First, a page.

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« Does Using SuperFocus Increase Your Brain Power? - My Answer | Main | I am interviewed on the Time Management Success Blog »

Does Using SuperFocus Increase Your Brain Power?

This is a guest posting by Seraphim - the winner of the competition for the best answer to this question.

Many tools and techniques can be used to extract greater power from any system. A lever does not change the raw power but can drastically increase the amount of power applied to the purpose at hand. Reorganizing a process for greater efficiency likewise does not change raw power, but an improved process can ensure that less power is wasted in useless work and more is applied toward the desired output. And better engine maintenance and smoother engine operation can actually increase the raw power.

All these principles apply to SuperFocus and its impact on brain power. I have discovered this through my own use of SuperFocus, and will provide a few examples.

Leverage: While using SuperFocus, I found that certain tasks would always get “dismissed” — the system would highlight these tasks as “undesirable” and they’d never get any action. But the problem was, these tasks were *necessary* — I couldn’t just ignore them. So, after trying to figure out why this kept happening, the tasks would get recycled back into the list for another go. But they’d just get dismissed again.

After seeing this happen a few times, I realized why it was happening. I just wasn’t good at those tasks, and HATED doing them — even though they really needed to be done. I tried to think how I could get around this somehow. It occurred to me that one of my co-workers actually LOVED doing that kind of work — so I asked her if she could handle some of those tasks for me. She got to do more work that she really enjoyed, and got recognition for it — and I was able to rid my list of those ugly tasks! It was a win-win, and it worked out great!!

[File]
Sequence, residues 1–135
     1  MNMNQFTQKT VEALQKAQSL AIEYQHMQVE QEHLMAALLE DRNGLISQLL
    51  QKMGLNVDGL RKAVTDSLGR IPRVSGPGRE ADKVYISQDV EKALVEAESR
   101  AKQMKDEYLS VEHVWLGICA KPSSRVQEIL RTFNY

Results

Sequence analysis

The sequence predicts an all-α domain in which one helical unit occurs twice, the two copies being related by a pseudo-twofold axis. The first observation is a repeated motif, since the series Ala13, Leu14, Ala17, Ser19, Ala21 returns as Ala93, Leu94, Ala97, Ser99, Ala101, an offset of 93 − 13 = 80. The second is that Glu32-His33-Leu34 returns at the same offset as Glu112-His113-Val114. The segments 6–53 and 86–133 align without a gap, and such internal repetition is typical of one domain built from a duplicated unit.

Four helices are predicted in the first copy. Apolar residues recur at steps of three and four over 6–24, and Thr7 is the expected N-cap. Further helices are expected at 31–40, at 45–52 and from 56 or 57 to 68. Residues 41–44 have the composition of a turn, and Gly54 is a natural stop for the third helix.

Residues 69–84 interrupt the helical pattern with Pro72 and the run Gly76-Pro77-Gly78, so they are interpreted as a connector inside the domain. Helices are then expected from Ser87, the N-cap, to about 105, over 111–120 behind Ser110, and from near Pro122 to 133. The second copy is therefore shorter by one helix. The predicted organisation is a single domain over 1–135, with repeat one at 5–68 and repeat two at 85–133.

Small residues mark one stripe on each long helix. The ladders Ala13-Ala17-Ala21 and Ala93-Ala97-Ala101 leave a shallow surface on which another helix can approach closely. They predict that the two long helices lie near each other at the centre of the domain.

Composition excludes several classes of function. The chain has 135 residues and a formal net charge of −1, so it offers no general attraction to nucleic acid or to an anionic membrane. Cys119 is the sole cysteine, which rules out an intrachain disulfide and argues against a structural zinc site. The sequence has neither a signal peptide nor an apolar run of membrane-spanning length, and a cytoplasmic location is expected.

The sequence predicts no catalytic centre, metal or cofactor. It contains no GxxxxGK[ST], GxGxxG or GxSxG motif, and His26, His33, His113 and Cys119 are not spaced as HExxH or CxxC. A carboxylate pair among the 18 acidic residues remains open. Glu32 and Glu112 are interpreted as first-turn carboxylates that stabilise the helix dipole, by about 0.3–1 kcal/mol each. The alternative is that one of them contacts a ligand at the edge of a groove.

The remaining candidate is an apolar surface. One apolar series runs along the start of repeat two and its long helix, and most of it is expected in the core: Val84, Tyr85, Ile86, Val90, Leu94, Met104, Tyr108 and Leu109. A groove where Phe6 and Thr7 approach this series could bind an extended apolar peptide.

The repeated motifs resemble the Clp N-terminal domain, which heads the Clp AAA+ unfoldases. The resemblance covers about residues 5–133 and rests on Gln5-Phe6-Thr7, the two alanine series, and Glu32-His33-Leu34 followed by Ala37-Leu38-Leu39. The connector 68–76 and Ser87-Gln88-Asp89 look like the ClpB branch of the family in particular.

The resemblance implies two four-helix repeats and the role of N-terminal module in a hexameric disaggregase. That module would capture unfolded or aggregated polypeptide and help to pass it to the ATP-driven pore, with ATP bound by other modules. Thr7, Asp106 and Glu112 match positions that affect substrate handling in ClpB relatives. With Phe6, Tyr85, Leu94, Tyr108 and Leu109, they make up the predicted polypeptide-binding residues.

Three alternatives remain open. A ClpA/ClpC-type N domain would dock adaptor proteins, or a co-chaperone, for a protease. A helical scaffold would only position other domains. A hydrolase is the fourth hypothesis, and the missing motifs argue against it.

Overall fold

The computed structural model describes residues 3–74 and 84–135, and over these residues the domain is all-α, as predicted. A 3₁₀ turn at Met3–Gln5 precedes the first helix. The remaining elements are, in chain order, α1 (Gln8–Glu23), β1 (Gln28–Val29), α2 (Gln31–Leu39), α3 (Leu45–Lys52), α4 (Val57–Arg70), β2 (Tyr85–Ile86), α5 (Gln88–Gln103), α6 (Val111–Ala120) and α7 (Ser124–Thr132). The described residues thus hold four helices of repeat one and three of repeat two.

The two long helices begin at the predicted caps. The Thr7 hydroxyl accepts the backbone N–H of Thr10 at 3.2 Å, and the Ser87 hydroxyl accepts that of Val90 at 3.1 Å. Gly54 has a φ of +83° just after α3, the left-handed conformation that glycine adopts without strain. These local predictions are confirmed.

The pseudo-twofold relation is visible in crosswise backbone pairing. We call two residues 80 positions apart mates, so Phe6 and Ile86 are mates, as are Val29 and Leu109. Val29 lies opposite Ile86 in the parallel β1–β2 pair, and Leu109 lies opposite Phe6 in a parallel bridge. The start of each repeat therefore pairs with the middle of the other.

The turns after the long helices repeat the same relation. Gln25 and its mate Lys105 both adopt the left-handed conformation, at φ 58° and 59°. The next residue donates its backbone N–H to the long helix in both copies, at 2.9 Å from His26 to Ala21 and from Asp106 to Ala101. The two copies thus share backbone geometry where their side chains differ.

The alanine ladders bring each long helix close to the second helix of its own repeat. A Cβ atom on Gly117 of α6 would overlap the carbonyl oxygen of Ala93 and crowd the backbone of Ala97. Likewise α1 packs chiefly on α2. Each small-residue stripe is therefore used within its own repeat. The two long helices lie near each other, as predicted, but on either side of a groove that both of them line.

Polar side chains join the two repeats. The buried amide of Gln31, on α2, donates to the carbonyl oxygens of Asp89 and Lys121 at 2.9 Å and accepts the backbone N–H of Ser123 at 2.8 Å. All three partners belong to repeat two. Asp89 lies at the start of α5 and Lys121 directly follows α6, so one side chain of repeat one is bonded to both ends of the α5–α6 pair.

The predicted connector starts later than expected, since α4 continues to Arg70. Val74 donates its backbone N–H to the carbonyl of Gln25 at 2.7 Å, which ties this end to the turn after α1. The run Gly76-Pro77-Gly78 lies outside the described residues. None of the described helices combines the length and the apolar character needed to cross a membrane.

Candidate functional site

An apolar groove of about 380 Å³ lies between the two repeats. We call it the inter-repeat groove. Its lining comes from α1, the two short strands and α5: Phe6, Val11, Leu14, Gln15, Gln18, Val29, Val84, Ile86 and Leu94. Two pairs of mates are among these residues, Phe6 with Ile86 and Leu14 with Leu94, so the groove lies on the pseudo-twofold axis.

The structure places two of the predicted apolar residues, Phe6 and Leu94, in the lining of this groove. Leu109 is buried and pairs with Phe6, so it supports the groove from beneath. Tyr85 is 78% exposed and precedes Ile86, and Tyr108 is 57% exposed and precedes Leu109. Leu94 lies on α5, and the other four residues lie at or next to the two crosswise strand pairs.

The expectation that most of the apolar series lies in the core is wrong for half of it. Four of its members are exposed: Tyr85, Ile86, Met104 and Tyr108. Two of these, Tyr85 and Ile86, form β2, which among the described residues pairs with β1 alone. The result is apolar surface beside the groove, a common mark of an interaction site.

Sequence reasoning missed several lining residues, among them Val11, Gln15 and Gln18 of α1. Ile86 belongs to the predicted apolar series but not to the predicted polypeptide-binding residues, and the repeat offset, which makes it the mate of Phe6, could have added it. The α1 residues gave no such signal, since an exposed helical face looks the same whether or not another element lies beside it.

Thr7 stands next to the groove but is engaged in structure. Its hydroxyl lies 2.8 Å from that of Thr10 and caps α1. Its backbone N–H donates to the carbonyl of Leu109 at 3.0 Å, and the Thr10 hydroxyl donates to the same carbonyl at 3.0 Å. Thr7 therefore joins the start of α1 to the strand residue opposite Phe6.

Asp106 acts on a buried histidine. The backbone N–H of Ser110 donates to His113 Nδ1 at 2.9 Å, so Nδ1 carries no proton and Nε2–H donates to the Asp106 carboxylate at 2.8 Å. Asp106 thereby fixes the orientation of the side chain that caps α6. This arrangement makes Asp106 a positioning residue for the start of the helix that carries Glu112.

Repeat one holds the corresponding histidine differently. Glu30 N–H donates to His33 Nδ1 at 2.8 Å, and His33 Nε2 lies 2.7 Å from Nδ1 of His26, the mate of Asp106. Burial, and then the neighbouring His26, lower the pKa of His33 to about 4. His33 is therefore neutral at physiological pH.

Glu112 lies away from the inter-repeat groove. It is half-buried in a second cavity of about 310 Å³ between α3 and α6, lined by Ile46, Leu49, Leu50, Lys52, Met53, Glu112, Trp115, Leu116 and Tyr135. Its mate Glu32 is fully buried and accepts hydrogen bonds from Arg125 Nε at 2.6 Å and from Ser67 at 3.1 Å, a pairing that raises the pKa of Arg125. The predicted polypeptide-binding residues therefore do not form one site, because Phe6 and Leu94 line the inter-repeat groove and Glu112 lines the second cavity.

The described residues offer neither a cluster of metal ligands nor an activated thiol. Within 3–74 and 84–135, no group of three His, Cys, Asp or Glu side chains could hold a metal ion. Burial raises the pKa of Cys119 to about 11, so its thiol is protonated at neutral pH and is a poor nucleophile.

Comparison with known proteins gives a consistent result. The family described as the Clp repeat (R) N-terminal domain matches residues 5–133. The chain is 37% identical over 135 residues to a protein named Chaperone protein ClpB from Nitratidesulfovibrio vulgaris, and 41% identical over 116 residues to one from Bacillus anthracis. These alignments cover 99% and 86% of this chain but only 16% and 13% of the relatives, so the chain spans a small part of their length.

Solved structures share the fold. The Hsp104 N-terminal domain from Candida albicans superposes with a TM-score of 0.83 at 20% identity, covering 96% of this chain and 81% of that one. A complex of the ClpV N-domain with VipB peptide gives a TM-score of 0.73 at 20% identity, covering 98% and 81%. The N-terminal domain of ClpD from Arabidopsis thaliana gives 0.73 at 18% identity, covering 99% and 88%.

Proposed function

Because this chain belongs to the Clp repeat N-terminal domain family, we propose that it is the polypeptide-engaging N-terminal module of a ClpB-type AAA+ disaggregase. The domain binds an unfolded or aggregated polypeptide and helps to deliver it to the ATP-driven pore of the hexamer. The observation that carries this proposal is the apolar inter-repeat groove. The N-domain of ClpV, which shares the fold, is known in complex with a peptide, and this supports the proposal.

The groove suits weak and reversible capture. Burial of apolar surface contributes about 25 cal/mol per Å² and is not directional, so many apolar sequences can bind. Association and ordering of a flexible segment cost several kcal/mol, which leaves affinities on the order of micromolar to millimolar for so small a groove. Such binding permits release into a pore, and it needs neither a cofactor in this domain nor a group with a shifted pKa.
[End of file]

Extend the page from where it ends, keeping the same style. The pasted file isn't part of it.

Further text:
This is an example of leverage — delegating tasks to someone else who is better equiped to get them done. Delegation can drastically increase one’s total output, as I began to find out. I probably wouldn’t have identified this opportunity for leverage without SuperFocus — but now the SF dismissal process is helping me find opportunities like this all over the place.

Improved process efficiency — Looking back over the last month of using SuperFocus, I can see that my total output has increased significantly. And this doesn’t count the things I’ve learned to delegate. My workload has increased significantly over the last three months, and I was beginning to feel overwhelmed by it. I was now leading two new project teams while still trying to carry my previous responsibilities. Just managing team logisitics was getting to be a real chore (setting up meetings, tracking minutes and action items, etc.) — let alone trying to make sure we were completing our deliverables and project tasks.

But after a few weeks, the workload hadn’t changed, but I found I was staying on top of it. All the important work was moving forward, I wasn’t feeling overwhelmed any more. I feel this is due mostly to SuperFocus. By its very nature, SuperFocus makes sure that the important work gets done, WHEN it should get done, and allows the less important / less urgent to rest idle for a time, or fall to the wayside. SuperFocus also helps ensure that the important work gets FINISHED, not just started. There were a few things I was doing before, that now seemed like they didn’t really add any value, and they got left behind — and SuperFocus helped me identify which things were OK to drop.